Omer Karasapan's blog
When the Arab Spring broke out and regimes began to fall under the pressure of their own citizens, a revolution on social media also took hold. During this critical period, the use of Facebook and Twitter was ubiquitous, especially in Egypt and Tunisia. Social networks and cell phones played an important role.
Three of the six books to receive the 2013 English PEN Award for outstanding writing in translation are by Arab authors. This award goes to works of fiction, non-fiction and poetry supporting inter-cultural understanding and freedom of expression. These are the three: The Silence and the Roar by Syria's Nihad Sirees; Writing Revolution: The Voices from Tunis to Damascus edited by Lebanon's Leyla Al-Zubaidi, and Matthew Cassel and Nemonie Craven Roderick; and Horses of God by Morocco's Mahi Binebine.
I finally had a chance to look over the latest Global Competitiveness Report (2012-2013), an annual publication of the World Economic Forum and I thought it would be interesting to see how the participating Arab countries were doing. So, what do these rankings actually mean and how did the Arab countries do? Well, as in all things, it varies by country and groupings of countries.
Unemployment, cronyism, bad governance and lack of transparency and accountability were factors that have contributed to the Arab Spring. However, worries over employment stem beyond the Middle East and North Africa (MENA) region and the challenges facing southern Mediterranean countries like Greece, Spain, Portugal and other troubled EU economies. A Gallup poll provides a global perspective on this issue
A recent poll from Gallup (Summer 2012) entitled “After the Arab Uprisings: Women on Rights, Religion, and Rebuilding" makes for interesting reading and provides surprising results. While there are many commonalities among the Arab countries surveyed (Bahrain, Egypt, Libya, Syria, Tunisia and Yemen), some of the findings also underline significant differences. This leads to some surprising poll results as the questions address broader terms like religion, the Sharia, gender equity, etc.
As we all watch the events unfolding in the Middle East, transfixed by the politics and social and economic ramifications of it all, it occurred to me that it might not be a bad idea to look at what the Arab World was reading by way of fiction. I could not locate a best-sellers list covering the region but work on putting together such a regional list is ongoing. So I turned to the 5th International Prize for Arabic Fiction (IPAF), a literary prize managed by the Booker Prize Foundation in London, and funded by the Emirates Foundation in Abu Dhabi. The prize is for prose fiction by Arabic authors, very much like the Man Booker Prize in the UK.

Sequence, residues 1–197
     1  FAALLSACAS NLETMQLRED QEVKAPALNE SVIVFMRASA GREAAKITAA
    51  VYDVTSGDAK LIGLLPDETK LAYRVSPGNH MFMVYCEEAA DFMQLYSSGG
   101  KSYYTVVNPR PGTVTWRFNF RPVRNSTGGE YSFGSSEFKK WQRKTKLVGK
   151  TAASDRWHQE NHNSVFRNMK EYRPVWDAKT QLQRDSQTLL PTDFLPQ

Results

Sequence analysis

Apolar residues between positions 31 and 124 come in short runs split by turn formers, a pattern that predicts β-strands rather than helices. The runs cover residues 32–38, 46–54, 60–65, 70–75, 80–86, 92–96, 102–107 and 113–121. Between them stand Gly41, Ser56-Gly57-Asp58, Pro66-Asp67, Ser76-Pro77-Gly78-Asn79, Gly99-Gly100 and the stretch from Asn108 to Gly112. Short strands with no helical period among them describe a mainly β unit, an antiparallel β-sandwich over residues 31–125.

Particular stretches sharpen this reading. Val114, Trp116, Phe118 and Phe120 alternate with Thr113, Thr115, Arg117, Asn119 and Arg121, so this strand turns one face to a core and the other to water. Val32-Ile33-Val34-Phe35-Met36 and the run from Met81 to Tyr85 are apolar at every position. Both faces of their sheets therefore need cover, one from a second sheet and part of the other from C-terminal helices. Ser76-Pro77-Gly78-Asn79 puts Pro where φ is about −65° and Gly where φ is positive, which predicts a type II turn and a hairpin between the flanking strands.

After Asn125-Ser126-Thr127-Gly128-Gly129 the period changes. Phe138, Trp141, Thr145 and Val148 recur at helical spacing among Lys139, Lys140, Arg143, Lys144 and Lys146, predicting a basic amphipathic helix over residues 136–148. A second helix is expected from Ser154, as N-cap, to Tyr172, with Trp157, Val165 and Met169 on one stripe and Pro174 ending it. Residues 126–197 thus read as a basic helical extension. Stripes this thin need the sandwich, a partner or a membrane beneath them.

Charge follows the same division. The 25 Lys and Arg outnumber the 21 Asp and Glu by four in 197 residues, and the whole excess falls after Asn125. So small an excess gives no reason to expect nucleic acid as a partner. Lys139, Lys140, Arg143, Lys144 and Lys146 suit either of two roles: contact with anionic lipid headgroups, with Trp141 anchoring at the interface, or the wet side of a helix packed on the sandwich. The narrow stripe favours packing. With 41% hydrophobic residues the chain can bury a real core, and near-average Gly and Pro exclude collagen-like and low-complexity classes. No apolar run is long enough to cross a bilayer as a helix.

In 2010, the European Commission undertook a pilot project to explore the possibility of establishing “an inter-institutional system identifying long-term trends in major policy issues facing the EU.” The pilot’s findings are included in Global Trends 2030: Citizens in an Interconnected and Polycentric World. The report identifies three major global trends: 1) The growing empowerment of individuals driven by a growing middle class; 2) Stronger human development trends but persistent challenges in inequality, climate change and resource scarcity; and 3) An increasingly polycentric world that is faced with governance gaps as interstate mechanisms fail to respond to global public goods.
It is difficult to imagine a book more timely and relevant to the Arab revolutions than Daron Acemoglu and James Robinson's "Why Nations Fail."Indeed they focus on Egypt in their preface. As they sum it up "To Egyptians, the things that have held them back include an ineffective and corrupt state and a society where they cannot use their talent, ambition, ingenuity, and what education they can get. But they also recognize that the roots of these problems are political. All the economic impediments they face stem from the way political power in Egypt is exercised and monopolized by a narrow elite.
Tourism is one of the world's largest and fastest growing sectors, making up 5% of the world's GDP and 30% of the global export of services (over $1 trillion). In 2010 alone, there were some 1 billion tourists worldwide, 60 million of whom traveled to the Middle East and North Africa (MENA) region. International Tourism receipts amounted to $900 billion - MENA's share making up roughly 6% of the total, around $50 billion. Overall, MENA tends to underperform slightly, not only in terms of the number of visitors and monetary inflows, but also in its potential to generate employment.
Since my Blog on regional integration, I have been thinking about the possible role of an Arab Development Bank in the region, especially but not exclusively to spur regional and global integration. Colleagues who know a thing of two about the region, economic development and Arab organizations had mixed views. Some liked the idea, others thought the idea not very useful, especially since it is often voiced and then shot down. The feeling was that yet another institution would be confusing and redundant.